When Frank Emmet says he has seen area junior golfers come and go, believe it.
Emmet, 78, is beginning his second half-century as "commissioner" of the crack area junior golf program. During winter, he coordinates golf schedules for spring high-school matches and summer tournaments. He personally oversees the events, darting around on a golf cart, making rulings and bemoaning his pet peeve, slow play.
Emmet has watched over the great ones in their youth - the Nicklauses and Palmers - but best of all has made room for the thousands of other boys and girls in his "off the streets and on the fairways" juniors program since he and his uncle had an idea in 1925.
He remembers it like yesterday. "My uncle, Father Emmet [who was president of Georgetown Prep School], suggested we build a golf course on the 93 acres there. I was business manager. The workmen at the school did the whole thing with no outside help, and the course still remains."
Emmet sent letter's to all high schools within 200 miles and got "quite a response. One time 15 boys came from Annapolis High and we matched up with 15 of our boys. That was the start of junior golf around here."
The program has grown to the point that now 125 schools compete. In summer there are tournaments galore. "Oh, there may be one or two free days from the close of school to Labor Day," Emmet said.
Running the juniors is Emmet's beloved avocation. He still works in the wholesale paper business, traveling to Landover several times a week.
Area courses allow Emmet-run tournaments to operate free of charge. "It's a real tribute to the boys. They have been well-behaved over the years, and the clubs have responded."
Emmet has never been paid for his work in golf, not for the bundles of paperwork, the processing of entries or the answering of the ceaselessly ringing telephone at his home on Williams Lane in Chevy Chase. He considers the bill paid in full, however.
"I get the satisfaction of getting of nice letter from one of the boys, or having the parents come up and thank me and the satisfaction of hearing from a boy after he has been to college. We're not grooming them for the profession of golf. We really are grooming them for business and a good life. I think the boys realizes how lucky they are. When I go around the country, people are amazed what the clubs here do for the boys," he said.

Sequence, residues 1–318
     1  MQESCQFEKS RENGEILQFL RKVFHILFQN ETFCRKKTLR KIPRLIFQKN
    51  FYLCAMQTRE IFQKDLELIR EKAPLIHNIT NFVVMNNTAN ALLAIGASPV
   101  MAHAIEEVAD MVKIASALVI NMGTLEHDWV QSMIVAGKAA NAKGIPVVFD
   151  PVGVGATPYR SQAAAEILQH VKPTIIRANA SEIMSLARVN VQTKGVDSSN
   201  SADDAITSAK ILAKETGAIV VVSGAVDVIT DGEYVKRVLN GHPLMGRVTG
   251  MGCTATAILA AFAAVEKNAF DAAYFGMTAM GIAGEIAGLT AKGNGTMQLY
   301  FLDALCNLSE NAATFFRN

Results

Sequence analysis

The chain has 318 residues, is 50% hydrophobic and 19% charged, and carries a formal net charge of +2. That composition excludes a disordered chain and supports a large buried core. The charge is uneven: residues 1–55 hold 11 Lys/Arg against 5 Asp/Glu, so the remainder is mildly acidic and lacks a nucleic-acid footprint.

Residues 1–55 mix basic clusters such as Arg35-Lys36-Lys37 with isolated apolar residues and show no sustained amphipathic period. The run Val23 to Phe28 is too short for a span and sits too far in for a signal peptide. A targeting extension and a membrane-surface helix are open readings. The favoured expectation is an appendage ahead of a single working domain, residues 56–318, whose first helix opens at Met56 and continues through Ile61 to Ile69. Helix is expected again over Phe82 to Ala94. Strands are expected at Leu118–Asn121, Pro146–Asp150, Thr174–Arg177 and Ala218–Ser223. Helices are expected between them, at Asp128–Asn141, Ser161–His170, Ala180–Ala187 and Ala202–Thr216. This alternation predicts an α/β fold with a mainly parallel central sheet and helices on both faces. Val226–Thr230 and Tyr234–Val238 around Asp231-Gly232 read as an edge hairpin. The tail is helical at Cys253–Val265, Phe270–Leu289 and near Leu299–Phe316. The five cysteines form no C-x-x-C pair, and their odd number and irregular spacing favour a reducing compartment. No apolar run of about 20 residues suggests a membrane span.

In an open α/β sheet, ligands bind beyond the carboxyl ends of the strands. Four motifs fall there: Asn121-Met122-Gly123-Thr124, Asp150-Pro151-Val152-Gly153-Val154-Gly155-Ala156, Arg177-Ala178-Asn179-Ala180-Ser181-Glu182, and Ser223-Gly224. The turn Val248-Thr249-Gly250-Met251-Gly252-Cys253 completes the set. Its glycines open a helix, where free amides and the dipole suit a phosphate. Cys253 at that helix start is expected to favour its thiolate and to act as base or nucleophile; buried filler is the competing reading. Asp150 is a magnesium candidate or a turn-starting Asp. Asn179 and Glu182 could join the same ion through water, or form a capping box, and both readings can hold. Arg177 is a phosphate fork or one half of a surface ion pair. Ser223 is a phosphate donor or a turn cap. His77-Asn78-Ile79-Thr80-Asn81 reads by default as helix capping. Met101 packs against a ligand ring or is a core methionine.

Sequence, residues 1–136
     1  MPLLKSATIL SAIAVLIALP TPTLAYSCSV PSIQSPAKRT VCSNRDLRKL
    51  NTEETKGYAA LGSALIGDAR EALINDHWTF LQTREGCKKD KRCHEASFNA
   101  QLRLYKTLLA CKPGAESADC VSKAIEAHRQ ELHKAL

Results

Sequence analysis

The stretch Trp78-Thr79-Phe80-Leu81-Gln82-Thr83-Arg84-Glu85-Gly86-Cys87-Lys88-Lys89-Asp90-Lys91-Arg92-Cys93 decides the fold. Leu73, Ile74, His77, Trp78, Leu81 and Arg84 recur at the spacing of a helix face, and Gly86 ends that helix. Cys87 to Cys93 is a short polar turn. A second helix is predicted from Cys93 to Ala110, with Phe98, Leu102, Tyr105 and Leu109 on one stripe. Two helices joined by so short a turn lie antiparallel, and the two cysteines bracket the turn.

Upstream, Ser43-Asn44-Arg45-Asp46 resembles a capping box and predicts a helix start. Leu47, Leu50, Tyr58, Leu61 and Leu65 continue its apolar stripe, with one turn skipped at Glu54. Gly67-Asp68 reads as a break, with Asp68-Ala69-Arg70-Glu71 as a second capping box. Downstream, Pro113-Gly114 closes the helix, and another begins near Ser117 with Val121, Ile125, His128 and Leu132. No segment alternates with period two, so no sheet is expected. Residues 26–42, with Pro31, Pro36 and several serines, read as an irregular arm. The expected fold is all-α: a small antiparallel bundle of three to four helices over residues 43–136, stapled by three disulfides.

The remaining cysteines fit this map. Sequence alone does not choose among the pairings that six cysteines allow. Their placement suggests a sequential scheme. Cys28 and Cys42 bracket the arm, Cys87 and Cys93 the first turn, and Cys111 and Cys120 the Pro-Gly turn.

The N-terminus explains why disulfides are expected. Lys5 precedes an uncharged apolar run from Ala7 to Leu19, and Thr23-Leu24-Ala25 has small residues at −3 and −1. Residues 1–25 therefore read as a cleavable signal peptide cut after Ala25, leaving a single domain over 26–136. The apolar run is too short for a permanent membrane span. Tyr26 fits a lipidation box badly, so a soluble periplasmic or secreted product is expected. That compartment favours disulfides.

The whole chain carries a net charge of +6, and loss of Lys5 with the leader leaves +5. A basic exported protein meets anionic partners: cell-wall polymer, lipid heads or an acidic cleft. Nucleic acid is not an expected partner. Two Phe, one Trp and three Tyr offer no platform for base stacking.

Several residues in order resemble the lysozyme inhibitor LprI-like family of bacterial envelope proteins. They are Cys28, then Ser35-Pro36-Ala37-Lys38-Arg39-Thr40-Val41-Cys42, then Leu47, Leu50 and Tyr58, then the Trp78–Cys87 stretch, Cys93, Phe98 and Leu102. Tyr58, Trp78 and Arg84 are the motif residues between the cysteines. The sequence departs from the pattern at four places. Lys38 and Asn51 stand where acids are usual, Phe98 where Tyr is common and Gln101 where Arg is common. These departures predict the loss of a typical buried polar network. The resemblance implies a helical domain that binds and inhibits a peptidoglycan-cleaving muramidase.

"Appreciative is one word for him," said Jack Skilling, a junior star who next fall will be off to either North Carolina or Stanford on a golf scholarship. "What Mr. Emmet breeds is sportmanship. That's what he wants to see in all of us and that's what he gets. It works. It's a classy program. I was very glad to be a part of it. It sure helped my golf game," said Skilling, who won the Chevy Chase Club men's golf championship at age 14.
Emmet sees evidence of golf's benefits. "Golf brings out the real good qualities of man. It's a game where they play by the rules and call penalties on themselves. It develops character. If you run into a punk, you find out quickly about him on a golf course."
Emmet keeps scrapbooks of the exploits of his juniors and has donated seven ("about a hundred pounds each") to the Golf Hall of Fame in Pinehurst, N.C.
The scrapbooks, plus Emmet's uncanny memory, produce a goldmine of lore. He remembers that Deane Beman - one of his prize pupils, who played out of Bethesda Country Club, and who is now Commissioner of the Professional Golfers Association Tour - turned in a score of 125 strokes his first time out. Before he outgrew the juniors, Beman scored in the 60s often. Beman went on to win the British and U.S. Amateurs and two PGA events.
Emmet also remembers Arnold Palmer, the man many say is responsible for golf's surge in popularity, the man who communicated golf to the masses. "He didn't have a stylist's swing," said Emmet, "but he could power the ball."
Palmer played No. 2 behind Beman at Wake Forest. Bubby Worsham, Palmer's roommate there, died in an auto accident and a memorial tournament was established at Bethesda. Palmer won the inaugural.
"Palmer was really broken up. That changed his life. He quit school right after that and went into a period of deep thinking," Emmet recalled. "That was one of the turning points of his life. He became more dedicated. He has always followed our junior program here. He keeps in touch with us."
When a downright obese youth named Jack Nicklaus came to play in the National Junior at Manor on Georgia Avenue, Emmet remembers he had just previously won the Ohio State Open. He lost in the quarterfinals at Manor. Who beat him? No hesitation: "Chip Beck."
"They used to say Nicklaus couldn't putt," said Emmet. "But today I'd rather have him stand over a big putt than anybody."
Emmet used to play golf, and cut his handicap to eight at one point, but gave it about 15 years ago: too time-consuming.
Emmet always expected golf to boom. "Today you have television bringing it to everybody. These great professionals show how exciting it can be."
Last year Emmet was nominated for induction in the Golf Hall of Fame in the Distinguished Service category. He did not make it. Perhaps some day.
He says the fun of his whole program is "making up the schedule in the winter months and thinking of the green fairways of May and June."
The soft-spoken, white-haired Emmet has made the fairways wide for many.